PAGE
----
Getting Started with Individualized Education Programs (IEPs)

An Individualized Education Program (IEP) meeting is where IEP team members determine a child’s eligibility for special education services. It is held after all assessments are completed. At this time, you and other members of the IEP team review the results of the assessments.

What is the purpose of an IEP meeting?

  • To discuss and consider the strengths and needs of your child.
  • To consider the results of the most recent assessments of your child.
  • To determine your child’s eligibility for special education services. This is a team decision based on all information from assessments and parents. You are critical members of the IEP team decisions.
  • To create goals and objectives, including placement. This should be decided only after careful consideration of all information and assessments. It should not occur at the beginning of the meeting or be decided by school personnel alone.
  • To discuss related services such as speech, occupational, or physical therapy; applied behavior analysis; transportation; or other services.
  • To obtain a copy of the complete IEP, including documentation of goals, objectives, and related services.

Who may be included in an IEP team?

  • One or both parents. As a parent, you are the expert on your child, which makes you the most important part of the IEP team.
  • A representative of the local education agency (LEA), such as the principal or the special education director for the school district. This person should be authorized to commit the needed funding to provide educational and related services for your child.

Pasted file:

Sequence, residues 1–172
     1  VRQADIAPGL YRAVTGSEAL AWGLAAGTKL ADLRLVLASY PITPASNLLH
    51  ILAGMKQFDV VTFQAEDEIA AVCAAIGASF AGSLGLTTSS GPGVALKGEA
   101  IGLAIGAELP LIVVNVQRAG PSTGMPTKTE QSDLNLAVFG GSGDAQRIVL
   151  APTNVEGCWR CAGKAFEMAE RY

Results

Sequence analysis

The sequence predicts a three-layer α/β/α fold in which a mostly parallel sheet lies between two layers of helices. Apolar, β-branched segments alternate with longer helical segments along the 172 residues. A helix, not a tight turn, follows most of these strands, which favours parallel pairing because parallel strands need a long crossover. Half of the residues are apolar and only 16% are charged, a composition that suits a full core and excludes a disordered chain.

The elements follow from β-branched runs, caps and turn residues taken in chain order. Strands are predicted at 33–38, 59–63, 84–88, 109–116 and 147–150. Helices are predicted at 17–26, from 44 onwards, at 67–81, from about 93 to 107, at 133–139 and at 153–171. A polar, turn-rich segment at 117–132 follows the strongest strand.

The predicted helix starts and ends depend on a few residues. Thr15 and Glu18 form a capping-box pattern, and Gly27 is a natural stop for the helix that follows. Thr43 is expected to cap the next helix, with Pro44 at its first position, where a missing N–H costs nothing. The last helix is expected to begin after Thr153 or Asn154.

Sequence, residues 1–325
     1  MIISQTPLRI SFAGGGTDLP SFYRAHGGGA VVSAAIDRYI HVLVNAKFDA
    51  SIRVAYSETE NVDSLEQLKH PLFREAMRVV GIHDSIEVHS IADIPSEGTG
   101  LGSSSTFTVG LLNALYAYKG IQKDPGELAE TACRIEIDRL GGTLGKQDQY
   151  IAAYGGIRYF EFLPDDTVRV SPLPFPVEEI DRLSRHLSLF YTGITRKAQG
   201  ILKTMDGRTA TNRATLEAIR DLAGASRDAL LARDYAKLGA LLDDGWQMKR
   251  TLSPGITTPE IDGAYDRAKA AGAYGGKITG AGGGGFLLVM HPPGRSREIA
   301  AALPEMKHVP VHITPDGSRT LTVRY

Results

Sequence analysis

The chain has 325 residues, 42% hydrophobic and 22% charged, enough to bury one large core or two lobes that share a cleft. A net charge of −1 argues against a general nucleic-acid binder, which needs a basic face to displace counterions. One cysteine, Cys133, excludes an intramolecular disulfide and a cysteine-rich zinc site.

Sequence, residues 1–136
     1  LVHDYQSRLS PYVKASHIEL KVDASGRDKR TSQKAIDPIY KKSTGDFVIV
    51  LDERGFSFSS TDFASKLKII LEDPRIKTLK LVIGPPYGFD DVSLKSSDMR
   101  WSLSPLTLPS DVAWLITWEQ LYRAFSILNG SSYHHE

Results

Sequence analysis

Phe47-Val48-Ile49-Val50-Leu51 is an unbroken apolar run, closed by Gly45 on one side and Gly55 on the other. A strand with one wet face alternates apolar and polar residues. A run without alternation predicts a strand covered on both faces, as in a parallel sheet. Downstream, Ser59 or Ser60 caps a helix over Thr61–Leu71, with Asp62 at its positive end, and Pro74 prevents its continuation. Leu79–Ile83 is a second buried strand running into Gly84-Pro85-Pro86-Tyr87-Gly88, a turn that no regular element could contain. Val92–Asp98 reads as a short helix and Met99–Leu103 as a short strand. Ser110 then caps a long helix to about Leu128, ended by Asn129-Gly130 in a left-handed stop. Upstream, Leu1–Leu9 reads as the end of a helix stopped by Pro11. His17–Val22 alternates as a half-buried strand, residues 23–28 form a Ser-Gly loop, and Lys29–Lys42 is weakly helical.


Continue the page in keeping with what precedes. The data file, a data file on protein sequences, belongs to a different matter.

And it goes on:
• A primary teacher or therapist for the Early Start or Infant Development Program, if available.
  • Other professionals working with your child, such as a California Children’s Services (CCS) therapist or Vision Specialist.
  • An advocate, support parent, friend, or attorney. If you are planning to bring an attorney or advocate, you should notify the school district at least one week ahead of time.
  • A general education teacher from the school district or preschool.
  • A special education teacher from the school district.
  • A school psychologist.
  • A translator, if needed.

What are some tips for an IEP meeting?

  • Bring a picture of your child and place it in the center of the table. This is a suggestion to help all of the team stay focused on the purpose of the IEP meeting!
  • Be prepared. Know what you want for your child. Stay focused on getting the services he or she needs. Before the IEP meeting, you should have the chance to visit several suggested programs or classrooms. If you are still in the process of visiting programs and classrooms, you may postpone the IEP meeting.
  • Maintain a calm composure during the meeting. Ask for a break, if you need it.
  • Make sure the IEP states:
  • What services will be provided (classes, related services, etc.)
  • Who will provide services, instruction, modifications to curriculum or adaptations (teacher, therapist, paraprofessional)
  • When, where, how often, and how long the services will be provided. (Example: Once a week, Joe will get thirty minutes of 1:1 speech therapy outside the classroom.)
  • If you feel that there is not enough time to complete the IEP and discuss concerns, ask for more time on another day.

Individualized Education Program (IEP) » Resources